As I continue my learning journey, I am becoming increasingly struck by how statements such as ‘listen to your body’ would appear to be intuitively connected to neuroscience.
Whether it is my age; a drive to enhance and improve the quality of work cultures; devise meaningful and well-being focused development opportunities, being a parent or just an increased mindfulness and awareness of well-being, I find myself reflecting on how much we now know about our brains and also how much we don’t; the great news is this science is becoming increasingly accessible.
Take for example a little thing called the ‘circadian rhythm’. Some of you may know of this already as the sleep clock, or the day-night clock but until recently I did not fully appreciate just what an amazing evolution it is and how much I have not been a good custodian of my circadian rhythm.
First here’s the science bit.
The circadian rhythm spans 24 hours in line with our planet’s orbit and is linked to us being active during daylight and sedentary during night. It is controlled by a part of the brain called the Supra Chiasmatic Nucleus (SCN). This is reactive to light and triggers or suppresses the production of melatonin which is the agent that tells our body and brain that it’s time to slow down and get ready to sleep. Why we sleep is open to debate, what we do know as a result of neuroscience is it assists with cell rejuvenation, moves the day’s data into memory and restocks energy levels in our brain’s function. Thinking and behaving are after all energy consuming activities, especially with all those synapses firing off like little bolts of lightning.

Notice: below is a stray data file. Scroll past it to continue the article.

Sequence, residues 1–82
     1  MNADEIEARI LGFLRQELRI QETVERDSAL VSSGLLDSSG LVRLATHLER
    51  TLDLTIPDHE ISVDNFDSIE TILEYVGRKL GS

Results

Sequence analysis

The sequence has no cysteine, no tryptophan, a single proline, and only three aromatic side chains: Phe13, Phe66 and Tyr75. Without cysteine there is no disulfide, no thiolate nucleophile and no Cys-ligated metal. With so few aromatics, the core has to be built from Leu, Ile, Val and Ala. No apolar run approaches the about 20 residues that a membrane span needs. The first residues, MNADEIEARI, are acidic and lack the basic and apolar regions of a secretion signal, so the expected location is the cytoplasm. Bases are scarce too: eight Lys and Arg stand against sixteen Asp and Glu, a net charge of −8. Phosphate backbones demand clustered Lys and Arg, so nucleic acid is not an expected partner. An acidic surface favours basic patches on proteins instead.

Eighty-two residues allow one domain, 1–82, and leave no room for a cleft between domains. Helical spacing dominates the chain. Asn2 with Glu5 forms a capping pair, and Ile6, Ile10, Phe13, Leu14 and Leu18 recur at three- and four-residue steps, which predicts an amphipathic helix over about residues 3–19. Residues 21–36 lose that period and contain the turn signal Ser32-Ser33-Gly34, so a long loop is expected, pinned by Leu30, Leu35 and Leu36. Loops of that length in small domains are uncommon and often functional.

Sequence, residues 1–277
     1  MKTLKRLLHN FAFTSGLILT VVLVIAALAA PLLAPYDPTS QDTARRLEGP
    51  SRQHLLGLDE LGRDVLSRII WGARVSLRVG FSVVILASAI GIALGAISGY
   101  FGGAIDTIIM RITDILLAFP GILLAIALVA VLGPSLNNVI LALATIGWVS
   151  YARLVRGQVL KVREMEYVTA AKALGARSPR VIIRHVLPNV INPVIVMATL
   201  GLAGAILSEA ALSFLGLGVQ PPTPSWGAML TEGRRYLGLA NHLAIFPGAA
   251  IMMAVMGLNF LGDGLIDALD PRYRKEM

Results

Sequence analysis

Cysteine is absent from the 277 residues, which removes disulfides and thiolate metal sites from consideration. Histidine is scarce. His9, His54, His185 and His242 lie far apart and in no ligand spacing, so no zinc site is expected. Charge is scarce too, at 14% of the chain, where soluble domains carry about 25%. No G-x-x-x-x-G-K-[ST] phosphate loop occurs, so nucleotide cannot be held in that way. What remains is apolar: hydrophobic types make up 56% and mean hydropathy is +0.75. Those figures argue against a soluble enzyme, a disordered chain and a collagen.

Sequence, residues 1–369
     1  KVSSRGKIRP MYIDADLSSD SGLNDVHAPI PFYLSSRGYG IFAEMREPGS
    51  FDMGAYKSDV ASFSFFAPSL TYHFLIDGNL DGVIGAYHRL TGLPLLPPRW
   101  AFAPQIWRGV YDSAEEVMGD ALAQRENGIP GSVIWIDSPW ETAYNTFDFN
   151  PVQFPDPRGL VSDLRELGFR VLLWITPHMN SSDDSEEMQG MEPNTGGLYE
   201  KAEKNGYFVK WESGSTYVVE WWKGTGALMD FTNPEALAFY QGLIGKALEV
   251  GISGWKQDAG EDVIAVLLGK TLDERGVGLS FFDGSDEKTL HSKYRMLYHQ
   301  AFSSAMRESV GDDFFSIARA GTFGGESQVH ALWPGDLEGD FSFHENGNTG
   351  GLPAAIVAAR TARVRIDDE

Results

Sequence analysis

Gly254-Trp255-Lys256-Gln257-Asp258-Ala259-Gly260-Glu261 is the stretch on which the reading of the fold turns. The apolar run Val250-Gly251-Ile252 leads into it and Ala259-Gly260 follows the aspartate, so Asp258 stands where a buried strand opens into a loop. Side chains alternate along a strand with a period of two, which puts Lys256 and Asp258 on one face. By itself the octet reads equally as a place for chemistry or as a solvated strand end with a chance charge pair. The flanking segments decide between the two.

So, if light/dark are the key triggers for our SCN what does our 24-hour connected society pose as potential disruptors to our rhythm?
It is known that ‘blue’ light used in phones and laptops is attractive and welcoming but equally impact’s our health. There is sound neurological reasoning as to why we should not be exposed to it at night. This light, even in small doses, confuses our circadian rhythm into thinking it’s daylight – so try to dim the light at night even if you can’t remove it completely.
Consider this: what is the price of being up late finishing that last email, last-minute procrastinated paper/report submission or game you want to complete? It will undoubtedly affect your sleep and knock on to the following day. Long term sleep deprivation has serious issues for our well-being and mental health and is well researched and documented.
On the positive side expose yourself to as much natural light as possible during the day. As well as suppressing melatonin it gives us a welcome shot of vitamin D. And in the workplace, whatever your role, try to develop nudges that highlight the importance of circadian rhythms.
Evolution has got us to this rhythm and I wonder what impact this connected society will have on the future evolution of our circadian rhythm .
Be a good custodian and look after your circadian rhythm.
Chartered MCIPD, BSc (Hons) HRM, PGCE
Emotional Intelligence Thought Leader & Collaborator